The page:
What Low-Wage Workers Understand About the True Meaning of Christmas

This time of the year, we see manger scenes decorating homes and churches. They remind us of the fact that the first century shepherds are the original witnesses of the Good News of Jesus Christ. The low-wage workers of their day, shepherds in first-century Palestine were either young boys from poor families or migrant workers—the same class of people who work for less than a living wage today in the food service and hospitality industries. The angels in the Christmas story do not entrust the message of “peace on earth, good will to all people” to the religious leaders, politicians, or influencers of the ancient world. The news is delivered to low-wage workers while they work in the fields. They walk off the job to become the first witnesses of the Messiah’s birth.
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As we celebrate Christmas in 2021, low-wage workers are again walking off the job in an historic wildcat strike that many Americans have misunderstood as simply “supply chain issues” or a “slow economic recovery.” When COVID-19 shut down much of the world in 2020, the low-wage workers who stock shelves, deliver food, and clean our public spaces could not work from home. Many of them traveled by public transport to continue showing up on the streets. They were often the first people to become infected with an airborne disease, to contract it on their commutes or at work. The single most at risk from COVID-19 in the initial months of the pandemic were low- and middle-income Americans.

While millions of Americans stayed home to stay safe, we celebrated the “essential workers” who kept us fed and entertained with mail-order consumer products. For a moment, employers even paid some of them “hero pay” as hazard bonuses and paid leave when they got sick. While low-income Americans and the poor voted in unprecedented numbers in 2020’s election, they still haven’t seen their goals for affordable housing and living wages fulfilled by 2021. As the shepherds of the Christmas story, low wage workers yearn for justice. They are resigning from their jobs to embrace the idea of a better society, just like their predecessors.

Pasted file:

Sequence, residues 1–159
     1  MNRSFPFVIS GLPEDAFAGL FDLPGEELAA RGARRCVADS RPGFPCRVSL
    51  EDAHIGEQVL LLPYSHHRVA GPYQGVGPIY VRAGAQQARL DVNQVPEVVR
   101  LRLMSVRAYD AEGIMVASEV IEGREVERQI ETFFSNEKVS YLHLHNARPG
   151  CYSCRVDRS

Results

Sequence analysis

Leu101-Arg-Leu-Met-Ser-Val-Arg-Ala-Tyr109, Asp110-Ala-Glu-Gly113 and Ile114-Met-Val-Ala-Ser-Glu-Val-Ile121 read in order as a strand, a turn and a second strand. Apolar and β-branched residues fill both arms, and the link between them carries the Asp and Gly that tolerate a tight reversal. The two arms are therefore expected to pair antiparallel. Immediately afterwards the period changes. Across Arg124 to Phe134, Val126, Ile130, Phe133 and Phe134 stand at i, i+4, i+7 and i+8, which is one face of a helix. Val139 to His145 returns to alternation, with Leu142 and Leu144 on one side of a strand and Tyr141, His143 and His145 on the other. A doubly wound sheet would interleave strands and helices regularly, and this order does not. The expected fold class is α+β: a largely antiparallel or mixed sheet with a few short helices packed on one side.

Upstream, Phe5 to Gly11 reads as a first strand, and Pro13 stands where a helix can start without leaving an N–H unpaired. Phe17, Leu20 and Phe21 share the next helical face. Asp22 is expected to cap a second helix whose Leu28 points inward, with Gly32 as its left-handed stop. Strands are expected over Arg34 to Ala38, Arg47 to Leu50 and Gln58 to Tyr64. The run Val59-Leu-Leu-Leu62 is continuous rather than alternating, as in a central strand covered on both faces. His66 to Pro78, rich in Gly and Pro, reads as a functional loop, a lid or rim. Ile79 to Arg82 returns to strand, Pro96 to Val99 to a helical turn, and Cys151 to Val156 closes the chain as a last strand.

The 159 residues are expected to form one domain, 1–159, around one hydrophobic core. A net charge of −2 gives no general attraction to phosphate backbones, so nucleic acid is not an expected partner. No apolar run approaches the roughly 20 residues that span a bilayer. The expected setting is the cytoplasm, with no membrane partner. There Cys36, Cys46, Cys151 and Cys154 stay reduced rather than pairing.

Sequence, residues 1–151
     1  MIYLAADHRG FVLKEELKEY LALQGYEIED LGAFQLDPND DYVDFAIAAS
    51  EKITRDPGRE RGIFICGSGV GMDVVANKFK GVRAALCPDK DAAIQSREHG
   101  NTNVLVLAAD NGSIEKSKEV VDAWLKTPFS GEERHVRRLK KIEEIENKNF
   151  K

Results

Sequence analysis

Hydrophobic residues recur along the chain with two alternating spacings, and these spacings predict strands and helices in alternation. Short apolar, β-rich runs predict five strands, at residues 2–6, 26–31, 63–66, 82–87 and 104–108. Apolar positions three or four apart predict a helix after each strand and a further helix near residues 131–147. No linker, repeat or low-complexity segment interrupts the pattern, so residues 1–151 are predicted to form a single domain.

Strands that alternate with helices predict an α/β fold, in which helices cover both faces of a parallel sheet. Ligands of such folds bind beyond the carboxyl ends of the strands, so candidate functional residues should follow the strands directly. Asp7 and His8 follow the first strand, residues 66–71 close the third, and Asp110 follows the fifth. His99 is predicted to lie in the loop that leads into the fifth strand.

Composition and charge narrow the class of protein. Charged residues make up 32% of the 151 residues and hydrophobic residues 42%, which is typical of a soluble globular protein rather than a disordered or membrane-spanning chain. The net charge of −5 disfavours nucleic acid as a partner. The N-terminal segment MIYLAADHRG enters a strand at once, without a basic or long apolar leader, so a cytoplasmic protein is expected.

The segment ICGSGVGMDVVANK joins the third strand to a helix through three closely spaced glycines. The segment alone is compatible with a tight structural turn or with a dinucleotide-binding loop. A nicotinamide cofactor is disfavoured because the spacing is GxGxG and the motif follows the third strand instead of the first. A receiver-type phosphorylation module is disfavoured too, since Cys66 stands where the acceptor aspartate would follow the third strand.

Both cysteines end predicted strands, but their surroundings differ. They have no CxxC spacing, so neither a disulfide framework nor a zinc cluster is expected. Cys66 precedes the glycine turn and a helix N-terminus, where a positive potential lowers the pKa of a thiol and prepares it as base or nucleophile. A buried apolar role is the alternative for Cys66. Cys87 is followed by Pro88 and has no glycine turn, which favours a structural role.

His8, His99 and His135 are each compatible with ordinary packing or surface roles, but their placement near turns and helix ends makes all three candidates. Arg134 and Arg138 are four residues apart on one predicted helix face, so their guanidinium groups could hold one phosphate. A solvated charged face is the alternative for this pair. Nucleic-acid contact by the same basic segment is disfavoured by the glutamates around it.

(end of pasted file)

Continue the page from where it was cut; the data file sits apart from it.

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On Wednesday, December 13, thousands of low-wage workers joined with religious and moral leaders to call for the Senate to pass the Build Back better Act and voter rights protections. They also demanded that Congress adjourn in order to enjoy the holiday season. These demands are unlikely to be fulfilled. Low-wage workers know that the wealthiest 1% have had their share of America’s economy almost double over the last 50 years. Corporate lobbyists are trying to stop major investment in social infrastructure. The cost of essential needs such as housing, education, and health care has risen. One hundred forty million Americans live in poverty or are low-income in one of the most prosperous nations in history. The steady growth of America’s GDP has not, in fact, been “good news for all people.”

Low-wage workers and the poor understand Christmas’ basic message. Good news for everyone when justice from God is shown to the lowest members of society. Everyone rises when we start from the bottom. This ancient wisdom is now a practical insight according to economists. It is not a shortage of resources that we have, but it is a dearth of the will to reduce inequality. Every $1 that goes into low-wage workers’ pockets in today’s economy gets multiplied into $1.20. Research also suggests that every $1 spent on early childhood education has a greater benefit than $7. It is not a shortage of resources that we have, but it is the lack of will and determination to reduce inequality.

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The attack on state legislative voting rights across the country in this year’s election is an attempt to undermine the power and voice of low-wage workers. Because Democrats hold both the White House and Congress, it is impossible to make a modest investment in social infrastructure. If congressional districts are gerrymandered to favor Republicans, voter rolls are purged and voter-access measures are rolled back in 2022’s midterm elections, the change that poor and low-income people voted for will be canceled by politicians who do not represent the majority of the American people.

This is the moment when American democracy needs to be at its best. The message that Christmas was first preached by the shepherds is what we need. This is why the Poor People’s Campaign will continue to organize for voting rights and investment in the people. It’s why low-wage workers are willing to walk off their jobs en masse to insist on better wages. It is why we are planning a Mass Poor People’s Assembly and Moral March on Washington for June 18, 2022, to create a platform for the nation to hear the voices that are so often left out of our political debates and economic analysis. As we celebrate Christmas, may we remember to listen to low-wage workers and heed the good news they are still proclaiming “for all people.”


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